De-fanging stress


We have to take stress out of life and life out of stress, and do it as soon as possible. Unattended, stress raises blood pressure, accelerates heartbeat, increases inflammation that pushes us into anxiety and depression. Irritation over trivial things, feeling overwhelmed, saying the same words accusingly over and over again, simmering anger that refuses to die down, headaches and lower backaches are some signs to watch out for. In this state, you will upset your family members and colleagues with your offensive words and behaviour. Your spouse will maintain a distance, ditto your friends, at least, most of them. Under stress, the mind paints monstrous pictures of all the people you interact with. Somebody has ‘cheated’ you, another is ‘corrupt’ and so on — your feelings become facts in your perception.


Cycle mindfully. Armchair-cycling is a lovely stress-buster. It’s so simple and effective. On the 32nd minute comes a perceptible lightening. Just as clouds are shifted by a strong wind to reveal the vast sunlit sky, the dark perception is lifted from the mind to give us a glimpse of its natural, open radiance. Here, it is important to remember that whatever our circumstances, our open, sky-like mind is always there. It is only a 32-minute ride away. And just as clouds are not part of the sky, our perception is not part of our mind. It only hangs there, a puff of smoke which can be dispersed.

As you cycle, let your mind be full of emptiness. In the beginning stages, you can count the rotations. In time, the mind lets go the numbers and what is left is a wonderful awareness. In this state, you can cycle for an hour without even realising how the minutes have ticked by. When the mind suspends thought, the brain gets a welcome break from anxiety, pressure, stress and pain.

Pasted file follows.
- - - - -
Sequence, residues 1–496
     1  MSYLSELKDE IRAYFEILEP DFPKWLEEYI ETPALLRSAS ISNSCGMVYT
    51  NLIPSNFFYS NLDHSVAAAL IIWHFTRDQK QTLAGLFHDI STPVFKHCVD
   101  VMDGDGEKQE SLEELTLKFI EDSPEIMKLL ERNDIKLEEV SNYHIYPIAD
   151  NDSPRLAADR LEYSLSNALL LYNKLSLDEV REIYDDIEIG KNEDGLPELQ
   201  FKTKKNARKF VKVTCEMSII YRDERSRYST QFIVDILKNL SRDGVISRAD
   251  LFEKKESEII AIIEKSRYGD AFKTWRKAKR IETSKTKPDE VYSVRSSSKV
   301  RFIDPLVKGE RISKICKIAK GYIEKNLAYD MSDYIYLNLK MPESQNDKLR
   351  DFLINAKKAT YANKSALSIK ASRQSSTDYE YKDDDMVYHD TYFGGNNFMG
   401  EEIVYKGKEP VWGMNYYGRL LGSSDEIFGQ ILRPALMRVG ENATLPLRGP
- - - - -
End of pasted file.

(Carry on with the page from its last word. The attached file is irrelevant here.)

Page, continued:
Tackling tremors. There are two kinds of anxiety. One is caused by what you’ve gone through earlier. Say, you went for a walk in the park and a huge snake slid across your path causing you to turn tail. The next day, when you go for your walk, there’s a tremor in you. Will that snake cross your path? This is an anxiety from anticipating that things won’t go well — such as a job interview or a meeting with a client. If this happens despite having cycled in the morning, say “Cancel. I am well-prepared and I’ll do well!” The tremor subsides and you stride with a friendly air into the interview room. “Cancel” is a powerful word. Please use it.

The other kind of anxiety is a fear that rises by itself even before you see or think anything. You have to force yourself to go for a walk. You ‘see’ problems where there aren’t any — you feel you don’t have enough money though your bank balance is healthy, you feel you will be sacked by your boss any day, you have a sinking feeling for no apparent reason. This kind of anxiety comes from having an excessively intense way of looking at life. The best way out is to relax.